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Crowdfunding Site Lets Rookie Real Estate Investors Get Piece of Bushwick

By Serena Dai | August 28, 2015 3:06pm | Updated on August 31, 2015 8:48am
 A rendering of 99 Scott Ave. in Bushwick.
A rendering of 99 Scott Ave. in Bushwick.
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Gernot Taschler of Creative Spaces

BUSHWICK — Becoming a Brooklyn real estate baron just got a little easier.

A new crowdfunding site for would-be real property investors called CityFunders announced its first Bushwick project, an event space at 99 Scott Ave. that is slated to eventually house office space, a winery and a beer garden.

The idea is that people who don't have the cash to invest in real estate on their own can use CityFunders to get a small slice of the action, said David Schorr, director of operations for the site.

A group of similar crowdfunding sites has cropped up in recent years, allowing inviduals to invest as little as $100 to get in on the action.

CityFunders, made up of longtime real estate professionals, vets the properties and chooses buildings in neighborhoods like Bushwick that they think are likely to make money, Schorr said.

"We feel strongly about giving the smaller investor the opportunity to invest in real estate," he said.

However, according to SEC rules, only "accredited investors" — those who have earned at least $200,000 per year for the last two years or have a net worth of more than $1 million — can put their money into CityFunder investments.

Additionally, people who do put money into the property technically won't own a part of it. Instead, they're loaning property owner Bushwack Capital money to develop it with the vision of a creative industrial center.

The one-year loan has a 10 percent annual interest rate that pays out every month, Schorr said, and after the loan is paid off, investors get their principal back.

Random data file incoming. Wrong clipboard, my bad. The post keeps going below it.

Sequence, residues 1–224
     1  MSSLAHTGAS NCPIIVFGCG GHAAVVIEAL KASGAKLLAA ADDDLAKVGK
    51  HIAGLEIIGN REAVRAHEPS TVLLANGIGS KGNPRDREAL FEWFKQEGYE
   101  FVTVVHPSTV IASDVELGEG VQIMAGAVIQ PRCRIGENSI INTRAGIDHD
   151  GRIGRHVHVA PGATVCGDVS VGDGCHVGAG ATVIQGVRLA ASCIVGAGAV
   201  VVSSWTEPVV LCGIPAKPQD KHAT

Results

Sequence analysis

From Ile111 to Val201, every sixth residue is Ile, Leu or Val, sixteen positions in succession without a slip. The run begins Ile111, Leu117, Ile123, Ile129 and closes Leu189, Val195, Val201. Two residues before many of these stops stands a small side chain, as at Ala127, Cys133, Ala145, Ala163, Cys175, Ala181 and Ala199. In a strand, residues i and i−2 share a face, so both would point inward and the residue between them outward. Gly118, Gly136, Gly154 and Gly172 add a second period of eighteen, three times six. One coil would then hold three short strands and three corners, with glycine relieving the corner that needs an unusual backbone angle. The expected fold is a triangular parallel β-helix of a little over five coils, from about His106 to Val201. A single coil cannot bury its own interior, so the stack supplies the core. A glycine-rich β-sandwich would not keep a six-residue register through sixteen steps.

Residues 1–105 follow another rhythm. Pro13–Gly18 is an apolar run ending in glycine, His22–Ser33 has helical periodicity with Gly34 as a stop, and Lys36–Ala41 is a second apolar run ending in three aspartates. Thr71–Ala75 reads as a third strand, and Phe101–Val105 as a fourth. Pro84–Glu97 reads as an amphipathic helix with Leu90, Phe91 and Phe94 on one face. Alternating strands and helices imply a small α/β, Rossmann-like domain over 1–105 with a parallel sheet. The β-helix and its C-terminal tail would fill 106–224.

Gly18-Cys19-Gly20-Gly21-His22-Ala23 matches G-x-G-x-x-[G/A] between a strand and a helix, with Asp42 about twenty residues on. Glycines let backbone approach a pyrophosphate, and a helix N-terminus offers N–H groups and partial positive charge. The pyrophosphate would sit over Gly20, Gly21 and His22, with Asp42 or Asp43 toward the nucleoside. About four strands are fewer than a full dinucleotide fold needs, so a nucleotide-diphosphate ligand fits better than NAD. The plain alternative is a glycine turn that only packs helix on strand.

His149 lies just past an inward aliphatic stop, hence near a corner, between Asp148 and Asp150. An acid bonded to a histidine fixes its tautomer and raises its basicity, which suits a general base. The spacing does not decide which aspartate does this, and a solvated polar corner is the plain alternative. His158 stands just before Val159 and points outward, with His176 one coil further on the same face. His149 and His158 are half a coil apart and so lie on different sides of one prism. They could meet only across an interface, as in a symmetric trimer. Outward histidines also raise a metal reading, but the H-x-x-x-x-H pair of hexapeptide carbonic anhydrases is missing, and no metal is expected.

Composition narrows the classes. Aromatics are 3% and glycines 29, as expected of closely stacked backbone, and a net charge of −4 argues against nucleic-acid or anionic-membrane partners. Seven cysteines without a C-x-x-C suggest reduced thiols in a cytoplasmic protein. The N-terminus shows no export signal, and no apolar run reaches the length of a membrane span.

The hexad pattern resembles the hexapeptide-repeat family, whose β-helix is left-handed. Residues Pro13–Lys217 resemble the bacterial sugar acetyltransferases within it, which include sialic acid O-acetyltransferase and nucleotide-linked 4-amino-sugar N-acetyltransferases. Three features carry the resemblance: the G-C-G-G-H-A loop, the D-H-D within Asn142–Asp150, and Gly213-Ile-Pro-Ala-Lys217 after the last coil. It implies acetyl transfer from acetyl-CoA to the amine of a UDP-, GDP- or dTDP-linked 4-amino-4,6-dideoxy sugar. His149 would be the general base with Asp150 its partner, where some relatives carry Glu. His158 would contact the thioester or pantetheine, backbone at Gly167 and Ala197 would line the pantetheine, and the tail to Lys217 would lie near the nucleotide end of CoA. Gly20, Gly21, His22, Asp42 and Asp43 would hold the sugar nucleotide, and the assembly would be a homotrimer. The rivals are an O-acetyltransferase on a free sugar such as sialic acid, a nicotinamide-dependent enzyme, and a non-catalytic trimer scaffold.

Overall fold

CityFunders makes money because the investor pays a total of 12 percent interest, meaning the crowdfunding site keeps a 2 percent spread.

Despite restrictions, it's still an easy way for professionals without real estate experience — like dentists, lawyers and tech start-up workers, for example — to have some skin in the game in their neighborhood, with help from experts, Schorr said.

"What we are doing is democratizing real estate investing and making it available in that local community," he said.

Many of the investment options will be like 99 Scott Ave. — properties in neighborhoods with potential for growth.

Investors can already can choose from properties in Long Island City, Chinatown and Bushwick.

The industrial space at 99 Scott Ave., which has been operating this summer as an indoor-outdoor music pop-up called Brooklyn Mirage, is expected to start debuting its "creative businesses" as early as next spring, said Dawson Stellberger, managing partner of Bushwick Capital.

Once fully filled with tenants, rent income is expected to provide a net operating income of nearly $750,000 per year, according to the business plan.

No tenants have been officially announced yet, but they include a winery with a bar portion, a large beer garden, design offices and event space for live music.

Stellberger said that Bushwack Capital, unlike many developers investing in Brooklyn, intends to keep its local investment properties as creative commercial centers with an industrial vibe instead of turning them into residential lofts.

CityFunders, which invests cash upfront, is betting on its success — and hopes locals will, too.

"It's a really cool oppourtnity," Stellberger said. "There are a lot of people who are interested in Brooklyn and Bushwick. It gives people access to participate in the neighborhood and borough that is changing quickly."